Main Specifications Overview:

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Detailed Specifications Overview:

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The packaging for the ASRock Z87 KILLER is quite good. While the motherboard box itself is standard fare, the foam inside keeps the motherboard nice and secure. In fact the motherboard is zip tied to the foam to make it more secure. Cardboard further protects the motherboard inside the package and separates the accessories from the motherboard itself. The box art is striking and very nice. The included bundle of accessories is even leaner than the motherboard itself. Included is a gift certificate for the Split Broadcaster streaming service, user manual, application guide, driver disc, SLI bridge, I/O panel, and some SATA cables.

Board Layout

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The layout of the Z87 KILLER is quite good. There aren’t any physical problem areas though the markings on the PCB for things like the front panel connectors could be significantly better. The PCB is still thin as is usually the case with ASRock motherboards. However this particular sample was relatively straight and didn’t have a super wavy PCB.

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The CPU socket area is very clear. There aren’t a lot of power phases or large cooling hardware to create clearance issues. However the RAM slots are of course too close but this isn’t ASRock’s fault. The one issue I do have with the cooling hardware is that it isn’t well secured to the motherboard. It does use metal screws but uses spring tensioning to hold the MOSFET cooler in place. The problem with that is any pressure on it causes the heat sink to wobble on top of the MOSFETS. You shouldn’t be fondling this cooling hardware so that shouldn’t be a real problem, but more secure methods of mounting are preferable.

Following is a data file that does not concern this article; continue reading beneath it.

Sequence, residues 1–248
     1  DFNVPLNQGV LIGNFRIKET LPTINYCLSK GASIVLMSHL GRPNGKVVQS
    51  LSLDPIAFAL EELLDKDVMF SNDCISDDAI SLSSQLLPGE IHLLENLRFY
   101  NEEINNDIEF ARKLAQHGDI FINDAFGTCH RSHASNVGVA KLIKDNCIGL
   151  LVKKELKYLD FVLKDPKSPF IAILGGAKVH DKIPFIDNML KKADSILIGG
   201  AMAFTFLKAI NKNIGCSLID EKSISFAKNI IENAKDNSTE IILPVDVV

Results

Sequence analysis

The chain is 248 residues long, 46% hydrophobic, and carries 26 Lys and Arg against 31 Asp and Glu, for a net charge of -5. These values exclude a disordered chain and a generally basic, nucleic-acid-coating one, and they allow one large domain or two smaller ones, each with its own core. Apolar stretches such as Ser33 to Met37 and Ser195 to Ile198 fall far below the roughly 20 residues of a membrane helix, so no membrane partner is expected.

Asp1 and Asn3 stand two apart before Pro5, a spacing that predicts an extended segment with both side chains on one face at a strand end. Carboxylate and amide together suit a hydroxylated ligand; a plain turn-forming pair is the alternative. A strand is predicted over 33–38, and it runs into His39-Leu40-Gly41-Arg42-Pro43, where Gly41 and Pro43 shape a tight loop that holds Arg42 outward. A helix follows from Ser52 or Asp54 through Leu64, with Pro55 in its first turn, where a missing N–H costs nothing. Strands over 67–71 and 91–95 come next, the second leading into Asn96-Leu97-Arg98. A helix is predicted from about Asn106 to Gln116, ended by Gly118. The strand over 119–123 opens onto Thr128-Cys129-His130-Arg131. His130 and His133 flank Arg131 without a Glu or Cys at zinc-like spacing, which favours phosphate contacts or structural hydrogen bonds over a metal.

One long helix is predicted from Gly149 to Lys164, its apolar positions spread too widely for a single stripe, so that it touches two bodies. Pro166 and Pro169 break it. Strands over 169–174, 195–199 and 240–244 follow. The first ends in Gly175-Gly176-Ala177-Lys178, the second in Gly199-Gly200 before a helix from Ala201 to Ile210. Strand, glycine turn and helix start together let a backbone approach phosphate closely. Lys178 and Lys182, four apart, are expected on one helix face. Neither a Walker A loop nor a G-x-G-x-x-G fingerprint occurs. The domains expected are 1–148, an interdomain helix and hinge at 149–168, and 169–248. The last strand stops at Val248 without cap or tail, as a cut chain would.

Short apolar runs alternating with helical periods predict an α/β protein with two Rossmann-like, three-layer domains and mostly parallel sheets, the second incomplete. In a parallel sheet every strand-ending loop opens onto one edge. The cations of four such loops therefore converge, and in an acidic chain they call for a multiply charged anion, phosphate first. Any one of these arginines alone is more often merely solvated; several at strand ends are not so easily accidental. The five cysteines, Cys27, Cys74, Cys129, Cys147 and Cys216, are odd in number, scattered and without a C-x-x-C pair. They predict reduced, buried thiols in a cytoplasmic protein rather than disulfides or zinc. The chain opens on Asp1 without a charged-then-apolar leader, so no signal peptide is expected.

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The ASRock Z87 KILLER has four 240-pin DDR3 DIMM slots which support up to 32GB of RAM. These are color coded red and black to denote proper dual channel memory operation. These slots use traditional locking tabs but are placed far enough from the PCI-Express x16 slots to avoid any clearance issues after the system has been assembled.

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The south bridge cooler is a fairly plain flat heat sink which is located directly in front of the expansion slot area. What’s odd is how the SATA ports are offset from the chipset. The front panel connector and BIOS ROMs are directly to the left of the chipset.

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The expansion slot area is well thought out with the PCI-Express x16 slots being spaced ideally for multiGPU configurations. The PCI-Express x1 slots are spaced in between offering additional connectivity if needed. The red PCI-Express x16 slots support a 16x0x0, 8x8, or 8x4x4 configuration. This allows for support of traditional 2 card SLI or 3 card / 3-Way CrossFire. Unusually an older 4-pin MOLEX connector is provided for PCI-Express auxiliary power. This connector is properly right angled to avoid creating clearance issues with the expansion slot.

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The I/O panel is packed full of connectivity options. These include 4x USB 2.0 ports, 4x USB 3.0 ports, 2x HDMI ports, 1x DVI-D port, 1x VGA D-Sub connector, 1x PS/2 mouse / keyboard port, 1x RJ-45 port, 1x optical port, and finally 5x mini-stereo jacks for analog audio.